What we don’t think about is the high cost of poor care. When people are sent to acute care hospitals out of assisted living, then Medicare kicks in. The Medicare bills are so very high because so many people are being sent back and forth between assisted living and nursing homes to hospitals and then back again and then back again because they are not getting the care and supervision they need. And Medicare is picking up the bills on acute care hospital.

… In California, a nursing home that provides care that leads to somebody’s death, makes a mistake that leads to someone’s death, can be fined up to $100,000?

That’s correct.

… If an assisted living facility makes a mistake that leads to someone’s death, what kind of fine are they looking at?

The same fine that they would get with a serious deficiency, they would get up to $50 a day, or maybe $150 a day. But frankly, we don’t know for the most part what kind of fines are being leveled against these facilities, because unless you do a Public Records Act request for 7,300 facilities, we wouldn’t know.

When we’ve looked at the Emeritus Corporation and we found cases where state regulators linked the death of residents to poor care, the fines were typically $150. What do you think of that?

I think, obviously, it’s certainly not much of an incentive or disincentive to stop providing poor care. And that’s the purpose of the civil monetary penalties system for assisted living and for nursing homes. …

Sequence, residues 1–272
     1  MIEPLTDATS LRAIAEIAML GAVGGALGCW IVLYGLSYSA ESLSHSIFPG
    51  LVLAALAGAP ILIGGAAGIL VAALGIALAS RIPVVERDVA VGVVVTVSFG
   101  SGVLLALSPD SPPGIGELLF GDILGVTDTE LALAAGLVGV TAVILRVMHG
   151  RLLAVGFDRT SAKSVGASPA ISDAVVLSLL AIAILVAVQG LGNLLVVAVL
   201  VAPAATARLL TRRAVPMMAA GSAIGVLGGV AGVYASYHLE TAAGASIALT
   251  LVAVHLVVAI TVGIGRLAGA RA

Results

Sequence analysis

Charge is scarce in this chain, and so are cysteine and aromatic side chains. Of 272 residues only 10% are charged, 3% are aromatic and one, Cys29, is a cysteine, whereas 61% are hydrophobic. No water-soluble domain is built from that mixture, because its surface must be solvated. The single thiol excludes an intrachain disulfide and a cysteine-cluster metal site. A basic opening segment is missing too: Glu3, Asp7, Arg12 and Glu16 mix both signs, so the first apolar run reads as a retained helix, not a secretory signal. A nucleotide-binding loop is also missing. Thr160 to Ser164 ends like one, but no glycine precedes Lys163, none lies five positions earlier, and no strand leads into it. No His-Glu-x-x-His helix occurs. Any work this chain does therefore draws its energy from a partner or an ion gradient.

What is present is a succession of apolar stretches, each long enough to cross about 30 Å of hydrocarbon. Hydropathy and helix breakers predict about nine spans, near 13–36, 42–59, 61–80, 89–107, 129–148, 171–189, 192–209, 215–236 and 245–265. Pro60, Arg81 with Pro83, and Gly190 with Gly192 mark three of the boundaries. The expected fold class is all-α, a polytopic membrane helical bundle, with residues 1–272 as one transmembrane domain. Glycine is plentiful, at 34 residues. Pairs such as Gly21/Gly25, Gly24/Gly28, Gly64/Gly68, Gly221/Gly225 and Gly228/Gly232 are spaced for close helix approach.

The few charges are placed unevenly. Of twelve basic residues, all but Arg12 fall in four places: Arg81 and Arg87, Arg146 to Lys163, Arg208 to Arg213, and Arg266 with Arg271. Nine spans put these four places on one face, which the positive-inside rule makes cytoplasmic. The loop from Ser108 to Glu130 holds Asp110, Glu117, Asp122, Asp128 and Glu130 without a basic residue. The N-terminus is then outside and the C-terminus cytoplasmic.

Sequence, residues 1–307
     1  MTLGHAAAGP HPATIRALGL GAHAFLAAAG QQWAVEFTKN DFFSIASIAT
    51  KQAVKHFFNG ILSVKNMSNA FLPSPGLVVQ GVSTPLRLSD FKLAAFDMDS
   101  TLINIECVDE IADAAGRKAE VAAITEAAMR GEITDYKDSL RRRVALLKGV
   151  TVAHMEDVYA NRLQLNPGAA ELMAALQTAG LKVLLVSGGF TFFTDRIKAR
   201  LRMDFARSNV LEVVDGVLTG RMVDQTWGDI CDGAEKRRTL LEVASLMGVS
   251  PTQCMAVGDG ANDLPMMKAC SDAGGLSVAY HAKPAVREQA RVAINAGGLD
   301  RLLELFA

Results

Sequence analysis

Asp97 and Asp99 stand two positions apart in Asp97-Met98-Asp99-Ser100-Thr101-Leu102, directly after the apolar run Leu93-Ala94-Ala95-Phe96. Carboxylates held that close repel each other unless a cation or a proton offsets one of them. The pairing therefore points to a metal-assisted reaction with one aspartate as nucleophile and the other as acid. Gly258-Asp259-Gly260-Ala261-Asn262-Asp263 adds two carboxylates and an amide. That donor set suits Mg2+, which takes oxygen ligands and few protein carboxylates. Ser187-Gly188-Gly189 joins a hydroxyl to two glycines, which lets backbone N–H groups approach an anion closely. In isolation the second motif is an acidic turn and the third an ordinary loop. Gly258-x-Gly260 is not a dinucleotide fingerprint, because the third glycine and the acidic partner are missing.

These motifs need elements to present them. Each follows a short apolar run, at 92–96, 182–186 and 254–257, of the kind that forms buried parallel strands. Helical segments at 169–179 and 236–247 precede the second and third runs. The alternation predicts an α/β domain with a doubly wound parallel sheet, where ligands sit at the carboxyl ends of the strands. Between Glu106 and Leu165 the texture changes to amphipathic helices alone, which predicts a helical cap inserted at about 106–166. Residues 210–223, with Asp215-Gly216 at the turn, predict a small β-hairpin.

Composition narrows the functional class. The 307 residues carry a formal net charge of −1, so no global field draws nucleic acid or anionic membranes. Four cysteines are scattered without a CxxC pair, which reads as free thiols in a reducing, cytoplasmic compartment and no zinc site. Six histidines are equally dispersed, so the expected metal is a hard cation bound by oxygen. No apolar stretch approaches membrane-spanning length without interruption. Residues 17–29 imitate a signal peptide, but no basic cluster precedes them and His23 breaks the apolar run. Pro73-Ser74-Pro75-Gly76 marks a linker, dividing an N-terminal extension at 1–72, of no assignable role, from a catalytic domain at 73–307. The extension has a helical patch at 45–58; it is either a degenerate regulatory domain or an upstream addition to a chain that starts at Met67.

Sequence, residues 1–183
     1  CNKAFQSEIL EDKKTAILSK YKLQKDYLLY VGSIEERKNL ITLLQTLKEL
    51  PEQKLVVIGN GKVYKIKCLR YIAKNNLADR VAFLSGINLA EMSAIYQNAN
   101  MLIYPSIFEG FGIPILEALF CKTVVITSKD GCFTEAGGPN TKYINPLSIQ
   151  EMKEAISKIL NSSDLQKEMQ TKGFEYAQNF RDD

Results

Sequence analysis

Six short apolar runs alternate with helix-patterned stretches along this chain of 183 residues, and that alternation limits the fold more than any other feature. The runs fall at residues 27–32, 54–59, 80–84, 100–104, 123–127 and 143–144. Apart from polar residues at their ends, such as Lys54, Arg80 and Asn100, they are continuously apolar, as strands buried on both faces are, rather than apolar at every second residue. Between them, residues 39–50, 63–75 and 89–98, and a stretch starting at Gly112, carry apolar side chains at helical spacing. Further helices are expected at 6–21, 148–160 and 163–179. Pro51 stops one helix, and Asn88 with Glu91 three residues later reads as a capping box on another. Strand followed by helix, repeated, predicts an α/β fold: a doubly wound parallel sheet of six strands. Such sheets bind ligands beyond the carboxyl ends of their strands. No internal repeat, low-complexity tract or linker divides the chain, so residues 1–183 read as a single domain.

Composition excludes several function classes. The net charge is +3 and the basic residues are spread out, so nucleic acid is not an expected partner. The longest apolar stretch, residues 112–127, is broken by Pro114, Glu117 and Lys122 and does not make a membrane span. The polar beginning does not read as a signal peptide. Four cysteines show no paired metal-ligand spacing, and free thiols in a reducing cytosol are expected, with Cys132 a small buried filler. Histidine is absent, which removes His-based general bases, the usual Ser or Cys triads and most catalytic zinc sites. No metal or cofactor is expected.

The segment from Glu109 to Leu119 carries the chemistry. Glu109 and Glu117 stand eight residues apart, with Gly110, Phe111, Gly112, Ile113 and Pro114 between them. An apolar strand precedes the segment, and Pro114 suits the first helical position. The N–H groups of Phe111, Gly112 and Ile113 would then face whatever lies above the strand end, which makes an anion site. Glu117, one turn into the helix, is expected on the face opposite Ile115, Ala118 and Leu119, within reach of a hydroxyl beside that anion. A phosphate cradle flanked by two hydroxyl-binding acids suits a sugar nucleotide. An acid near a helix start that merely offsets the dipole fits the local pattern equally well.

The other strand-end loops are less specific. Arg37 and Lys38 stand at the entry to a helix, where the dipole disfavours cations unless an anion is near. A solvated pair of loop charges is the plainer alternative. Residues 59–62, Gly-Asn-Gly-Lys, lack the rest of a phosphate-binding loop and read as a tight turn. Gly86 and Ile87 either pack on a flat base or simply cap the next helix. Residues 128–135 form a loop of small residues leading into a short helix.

When you look at the for-profit chains in particular, I always say you’re not going to get them.  If you want to get them where it hurts, it’s not going to be in their hearts because they are for-profit chains. They are answerable to their investors and they care about return on investment.

You’re going to get them where it hurts, and that’s going to be in their wallets. And the only way you’re going to do this is through a citation system that actually works, and it provides a disincentive that is equal to the violation and may stop the violation.

So what does a $150 fine for killing someone say to a company that had $1.3 billion in operating revenue in the year 2011?

Exactly my point. They’re going to look at that and say it’s just a fly on the wall. It’s nothing.  It doesn’t mean anything. …

What does it say about how much we value the lives of seniors if the state is handing out $150 fines for essentially facilities that have failed and allowed seniors to die?

It says that we don’t value the lives of seniors. We don’t value the lives of seniors and disabled when we allow facilities to provide that kind of poor care, when we allow facilities to harm people, to neglect people, and to kill people. We don’t value their lives. And at the state level, that is exactly what we’re saying.